'Fallacies Should Be Avoided When Looking at Pisa Results' Education Expert Professor David Egan on Wales' Difficulties in the International Pisa Rankings. EPE

Western Mail (Cardiff, Wales), November 26, 2016 | Go to article overview

'Fallacies Should Be Avoided When Looking at Pisa Results' Education Expert Professor David Egan on Wales' Difficulties in the International Pisa Rankings. EPE


Byline: David Egan

ON December 6 the outcomes of the Pisa tests of 2015 will be published, dominating, no doubt, education debate in Wales for some considerable time thereafter.

The Programme for International Student Assessment (Pisa) is administered every three years by the Organisation for Economic Cooperation and Development (OECD) in 71 countries across the globe.

A sample of 15-year-olds in these countries sit standardised tests in science (the lead subject on this occasion), reading and mathematics. The tests are designed to assess the knowledge and practical, problemsolving skills of these young people. The Pisa tests started in 2000 and Wales first participated in 2006.

The results for Wales published in 2007, 2010 and 2013 were disappointing, showing us to be the weakest participator of the UK nations and a relatively modest performer in international terms.

The 2009 outcomes caused a veritable educational earthquake in Wales leading to a major change in the direction of education policy which included the re-introduction of national testing, increased accountability placed upon schools, a new framework for the teaching of literacy and numeracy and, in effect, the introduction of league tables through what is now known as the "school categorisation system".

Understandably, therefore, there is considerable interest, not to say some trepidation, as to what the 2016 outcomes will reveal.

The inevitable question to be asked is, good, bad or indifferent, should we be ready to place the importance on our Pisa performance that we have done in the past and in shaping future education policy in Wales? As a form of standardised testing, Pisa is not without its critics.

They have reservations about the technical aspects of the exercise, including the size of the sample and the nature of the questions and the extent to which it allows itself to be open to countries who want to "teach to the test" and "game" the exercise in other ways.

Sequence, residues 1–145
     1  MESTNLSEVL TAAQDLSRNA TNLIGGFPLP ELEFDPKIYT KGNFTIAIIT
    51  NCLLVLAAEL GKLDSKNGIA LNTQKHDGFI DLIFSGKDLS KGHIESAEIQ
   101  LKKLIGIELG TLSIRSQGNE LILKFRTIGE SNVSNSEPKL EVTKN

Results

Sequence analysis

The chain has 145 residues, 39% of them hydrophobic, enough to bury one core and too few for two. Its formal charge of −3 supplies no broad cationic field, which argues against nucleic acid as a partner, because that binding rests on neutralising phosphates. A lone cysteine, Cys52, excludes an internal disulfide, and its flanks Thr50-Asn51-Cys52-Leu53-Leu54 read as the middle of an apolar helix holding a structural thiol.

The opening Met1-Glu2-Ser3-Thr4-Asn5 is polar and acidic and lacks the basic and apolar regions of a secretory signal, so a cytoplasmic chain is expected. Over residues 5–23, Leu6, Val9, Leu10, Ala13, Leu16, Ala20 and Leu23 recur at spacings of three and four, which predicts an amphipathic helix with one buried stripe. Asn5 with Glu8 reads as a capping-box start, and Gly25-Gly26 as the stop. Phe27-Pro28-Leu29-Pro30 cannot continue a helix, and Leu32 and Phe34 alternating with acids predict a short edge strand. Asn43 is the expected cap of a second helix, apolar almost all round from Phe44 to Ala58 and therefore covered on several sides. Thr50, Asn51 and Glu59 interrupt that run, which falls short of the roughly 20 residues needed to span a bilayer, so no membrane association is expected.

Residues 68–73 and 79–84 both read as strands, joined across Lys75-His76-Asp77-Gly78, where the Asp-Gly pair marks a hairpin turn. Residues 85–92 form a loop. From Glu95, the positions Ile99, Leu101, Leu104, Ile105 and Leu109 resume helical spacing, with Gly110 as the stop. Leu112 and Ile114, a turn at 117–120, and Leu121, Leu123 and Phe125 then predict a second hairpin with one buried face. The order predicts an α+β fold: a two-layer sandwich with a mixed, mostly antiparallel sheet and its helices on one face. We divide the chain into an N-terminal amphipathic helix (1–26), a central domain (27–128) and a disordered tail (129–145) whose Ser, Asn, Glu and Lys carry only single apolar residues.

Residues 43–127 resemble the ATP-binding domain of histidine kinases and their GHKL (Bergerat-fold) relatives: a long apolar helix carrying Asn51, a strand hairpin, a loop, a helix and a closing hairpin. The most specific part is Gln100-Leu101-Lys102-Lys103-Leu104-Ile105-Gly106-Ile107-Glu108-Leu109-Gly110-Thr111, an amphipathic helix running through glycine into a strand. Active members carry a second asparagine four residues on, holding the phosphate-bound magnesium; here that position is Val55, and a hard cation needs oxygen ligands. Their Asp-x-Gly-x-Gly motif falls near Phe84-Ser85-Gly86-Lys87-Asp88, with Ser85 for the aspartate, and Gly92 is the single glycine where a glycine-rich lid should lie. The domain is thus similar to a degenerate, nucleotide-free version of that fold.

Pisa like all other forms of standardised testing is not perfect. The fact is, however, that in its own terms it is probably about as valid and reliable a form of standardised testing as you are likely to get. To that extent, we should treat Pisa with respect and take seriously what it tells us about our education system.

That said, there is an increasing consensus among educational researchers and commentators, that extreme caution should be exercised in using the outcomes of Pisa in the way that has become commonplace amongst governments and politicians in recent years, including our own in Wales.

Three fallacies should be avoided. Firstly, it appears increasingly risible to maintain that a single standardised test taken every three years can tell us everything we need to know about the quality of an education system. Many countries - including those who have done well in Pisa in the past - now seek far more rounded evidence on how their education systems are performing.

They have come to value highly the importance of creativity and entrepreneurialism, and to be wary of a narrow focus on literacy and numeracy and the testing of these basic skills. They recognise that student wellbeing is as important as academic success and that a close relationship exists between the two.

The second major problem with Pisa is the way in which it has become used as an international league table to compare very different education systems.

This is when Pisa risks the danger of becoming completely invalid and unreliable. …

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